Mount Kilimanjaro

5 Things You Didn’t Know About Mount Kilimanjaro

While the ascent of Mount Kilimanjaro is well known and documented, there are many things about the climb that make it stand out from any other trek you have taken. Apart from being the only one of the seven summits that can be climbed without professional climbing training, the history that surrounds the mountain and the experience of the climb also holds a treasure trove of secrets and things you weren’t aware of. Here are some of them:

mount kilimanjaro


While Mount Kilimanjaro is already unique in being the tallest free-standing mountain in the world, it also has an interesting history. It is made up of three volcanic cones: Kibo, Mawenzi (5149 mt.) and Shira (4005 mt.). Now while these volcanoes have not erupted in a while, the last eruption was just 200 years ago! Also, Uhuru Peak (5895 mt.) – the highest point of the summit at the Kibo crater rim, was named after the Swahili word for “Freedom” when Tanzania gained independence in 1961! The mountain is held in great stature for all the inhabitants of the country and makes for a truly historic climb!


It is said that every climber that attempts the feat of climbing Mount Kilimanjaro performs a special ritual that has been going on for generations – recording and preserving the tales from your journey. Most climbers that make it to the Uhuru peak write personal experiences from the journey in a special book that is stored in a wooden box atop the summit. Penning down memories in a book shared by successful summit climbers is quite a motivator for the climb! Make sure you do it when you’re up there.


Speaking about successful climbers, more than 35,000 people attempt the historic climb, but only two-thirds of the climbers make it to the summit. So, you’re part of a special club when you note your thoughts down in that book up at the summit! Not only this, Mount Kilimanjaro is considered a quite challenging climb – the youngest and oldest climbers being 10 years old and 85 years old! In 2012, quadriplegic Kyle Maynard made his way all the way to the top unassisted! The diversity of people that make their way to the Uhuru Peak is stunning, and makes for a humbling climb, with the Uhuru Peak’s special tradition making you part of a special club!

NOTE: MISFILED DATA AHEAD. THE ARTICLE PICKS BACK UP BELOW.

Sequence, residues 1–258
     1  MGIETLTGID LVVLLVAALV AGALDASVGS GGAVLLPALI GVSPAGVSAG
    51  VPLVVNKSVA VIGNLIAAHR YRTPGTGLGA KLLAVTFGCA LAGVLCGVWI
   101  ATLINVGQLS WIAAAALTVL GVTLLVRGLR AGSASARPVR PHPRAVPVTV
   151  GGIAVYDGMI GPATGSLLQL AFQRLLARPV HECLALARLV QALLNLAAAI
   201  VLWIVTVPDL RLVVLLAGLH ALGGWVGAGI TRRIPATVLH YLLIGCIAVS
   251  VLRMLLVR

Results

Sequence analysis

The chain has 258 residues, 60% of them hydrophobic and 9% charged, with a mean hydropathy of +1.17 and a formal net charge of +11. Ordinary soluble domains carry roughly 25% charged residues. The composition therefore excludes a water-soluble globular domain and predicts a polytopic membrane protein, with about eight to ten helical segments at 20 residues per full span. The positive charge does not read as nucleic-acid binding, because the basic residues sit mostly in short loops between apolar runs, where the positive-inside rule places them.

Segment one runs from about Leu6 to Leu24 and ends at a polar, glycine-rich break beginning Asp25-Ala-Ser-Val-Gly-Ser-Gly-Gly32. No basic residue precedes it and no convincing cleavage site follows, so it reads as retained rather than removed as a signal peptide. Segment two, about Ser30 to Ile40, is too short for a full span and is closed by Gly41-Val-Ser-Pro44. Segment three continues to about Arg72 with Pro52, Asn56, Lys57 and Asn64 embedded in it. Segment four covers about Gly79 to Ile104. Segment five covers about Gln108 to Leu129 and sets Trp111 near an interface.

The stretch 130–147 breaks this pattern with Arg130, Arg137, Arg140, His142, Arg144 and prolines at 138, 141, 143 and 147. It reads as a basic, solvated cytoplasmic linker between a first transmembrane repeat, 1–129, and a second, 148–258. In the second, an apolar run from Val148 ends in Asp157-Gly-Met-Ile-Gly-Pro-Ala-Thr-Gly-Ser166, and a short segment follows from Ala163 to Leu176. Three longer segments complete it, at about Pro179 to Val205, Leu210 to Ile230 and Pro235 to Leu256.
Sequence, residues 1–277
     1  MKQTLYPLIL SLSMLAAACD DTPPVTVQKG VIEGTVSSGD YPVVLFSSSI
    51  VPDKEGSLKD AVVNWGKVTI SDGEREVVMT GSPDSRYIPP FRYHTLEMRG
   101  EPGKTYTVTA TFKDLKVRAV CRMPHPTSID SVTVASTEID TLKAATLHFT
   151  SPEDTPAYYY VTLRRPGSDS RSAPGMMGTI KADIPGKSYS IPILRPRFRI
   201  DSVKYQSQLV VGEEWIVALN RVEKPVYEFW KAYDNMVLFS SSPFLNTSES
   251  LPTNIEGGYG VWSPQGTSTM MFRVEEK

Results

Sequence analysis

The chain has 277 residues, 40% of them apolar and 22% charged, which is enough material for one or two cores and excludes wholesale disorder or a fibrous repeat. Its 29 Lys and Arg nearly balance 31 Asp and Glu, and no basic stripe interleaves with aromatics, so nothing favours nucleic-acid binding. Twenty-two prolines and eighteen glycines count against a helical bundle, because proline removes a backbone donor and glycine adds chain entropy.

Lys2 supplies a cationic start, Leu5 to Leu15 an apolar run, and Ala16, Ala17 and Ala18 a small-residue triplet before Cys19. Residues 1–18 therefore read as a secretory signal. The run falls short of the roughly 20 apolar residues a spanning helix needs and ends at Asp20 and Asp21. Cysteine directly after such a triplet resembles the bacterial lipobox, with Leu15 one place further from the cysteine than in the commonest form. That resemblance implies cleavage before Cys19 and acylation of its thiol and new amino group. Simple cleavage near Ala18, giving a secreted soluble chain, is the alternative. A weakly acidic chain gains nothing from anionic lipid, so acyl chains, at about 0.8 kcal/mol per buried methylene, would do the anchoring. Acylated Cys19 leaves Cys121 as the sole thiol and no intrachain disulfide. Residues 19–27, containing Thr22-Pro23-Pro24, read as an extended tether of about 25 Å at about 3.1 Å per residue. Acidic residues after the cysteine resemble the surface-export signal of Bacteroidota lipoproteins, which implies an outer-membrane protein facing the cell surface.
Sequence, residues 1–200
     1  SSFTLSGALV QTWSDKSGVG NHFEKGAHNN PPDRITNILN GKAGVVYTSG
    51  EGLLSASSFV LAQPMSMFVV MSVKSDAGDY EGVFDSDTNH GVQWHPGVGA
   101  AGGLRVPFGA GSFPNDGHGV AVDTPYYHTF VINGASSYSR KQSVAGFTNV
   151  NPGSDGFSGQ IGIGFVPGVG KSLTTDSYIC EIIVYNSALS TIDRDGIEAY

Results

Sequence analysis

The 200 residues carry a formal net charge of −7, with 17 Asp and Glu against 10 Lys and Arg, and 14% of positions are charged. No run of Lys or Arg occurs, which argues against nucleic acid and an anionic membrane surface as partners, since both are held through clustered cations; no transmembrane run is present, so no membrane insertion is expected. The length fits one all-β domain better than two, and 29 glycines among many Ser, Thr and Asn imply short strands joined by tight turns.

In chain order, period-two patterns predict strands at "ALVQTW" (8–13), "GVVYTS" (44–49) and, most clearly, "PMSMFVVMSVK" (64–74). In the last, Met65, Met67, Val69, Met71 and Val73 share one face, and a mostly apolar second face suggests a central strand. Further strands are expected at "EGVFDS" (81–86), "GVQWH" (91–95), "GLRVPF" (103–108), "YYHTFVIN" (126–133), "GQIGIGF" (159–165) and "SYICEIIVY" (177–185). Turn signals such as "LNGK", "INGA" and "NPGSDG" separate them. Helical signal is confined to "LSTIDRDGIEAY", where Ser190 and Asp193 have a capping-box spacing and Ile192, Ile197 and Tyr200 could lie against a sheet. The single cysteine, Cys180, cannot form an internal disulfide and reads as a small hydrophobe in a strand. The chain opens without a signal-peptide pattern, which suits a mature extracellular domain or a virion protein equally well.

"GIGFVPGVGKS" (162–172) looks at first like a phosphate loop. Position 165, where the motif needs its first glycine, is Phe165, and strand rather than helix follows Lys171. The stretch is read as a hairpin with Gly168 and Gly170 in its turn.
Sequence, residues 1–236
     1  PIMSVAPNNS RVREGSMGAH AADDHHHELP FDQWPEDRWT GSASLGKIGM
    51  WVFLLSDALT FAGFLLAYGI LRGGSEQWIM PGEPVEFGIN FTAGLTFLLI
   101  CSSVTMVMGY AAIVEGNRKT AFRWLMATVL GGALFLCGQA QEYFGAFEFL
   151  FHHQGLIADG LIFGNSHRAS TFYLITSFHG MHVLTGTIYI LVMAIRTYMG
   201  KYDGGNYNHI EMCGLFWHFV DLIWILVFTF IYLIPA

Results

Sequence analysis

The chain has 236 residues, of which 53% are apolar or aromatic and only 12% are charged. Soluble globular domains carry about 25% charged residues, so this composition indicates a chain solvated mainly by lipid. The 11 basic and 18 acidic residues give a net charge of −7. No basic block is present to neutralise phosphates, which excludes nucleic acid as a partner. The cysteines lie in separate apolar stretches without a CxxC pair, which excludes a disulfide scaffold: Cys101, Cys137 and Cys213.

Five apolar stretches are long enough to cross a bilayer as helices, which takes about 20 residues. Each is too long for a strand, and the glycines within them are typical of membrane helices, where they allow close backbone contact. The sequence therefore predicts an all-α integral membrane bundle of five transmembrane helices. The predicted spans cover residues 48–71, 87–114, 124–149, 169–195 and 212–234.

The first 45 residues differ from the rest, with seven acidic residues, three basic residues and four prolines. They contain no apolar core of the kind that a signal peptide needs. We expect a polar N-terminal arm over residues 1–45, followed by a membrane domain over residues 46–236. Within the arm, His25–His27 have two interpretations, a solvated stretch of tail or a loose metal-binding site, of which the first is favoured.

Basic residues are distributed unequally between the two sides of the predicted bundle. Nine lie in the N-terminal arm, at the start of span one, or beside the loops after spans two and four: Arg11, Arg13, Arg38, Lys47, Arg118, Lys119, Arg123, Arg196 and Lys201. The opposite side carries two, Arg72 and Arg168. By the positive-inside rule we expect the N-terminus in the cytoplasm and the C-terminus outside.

Mount Kilimanjaro is also one of the only ascents that takes the climber through terrain patterns ranging from tropical equatorial landscape to sub-arctic scree!This is one of its most peculiar and unique features, owing to the geographic location and climatic conditions around the mountain. The climb takes you on a journey through distinct ecological zones separated by altitude. It begins with dusty savannas at the base followed by dense rain-forests as you get into the second day of the trek. The next bump in altitude is accompanied by alpine deserts replacing the forests, finally ending with the glacial face at the summit. Some say it is like walking from the Equator to the North Pole concentrated on one singular trek.


Africa’s highest peak always used to be of great significance to its people. However, it was also a natural source of water to the areas around it – most of which welcome any natural influx of water. One of the most stark and eye-opening of facts regarding Mount Kilimanjaro relate directly to the global phenomenon of climate change. Since 1912, Mount Kilimanjaro has lost 82% of its ice cap, and since 1962 it has lost 55% of its remaining glaciers – all due to climate change. It is suspected that the remaining glacier atop Mount Kilimanjaro might vanish much sooner than expected, exposing the summit entirely for the first time in recorded history!

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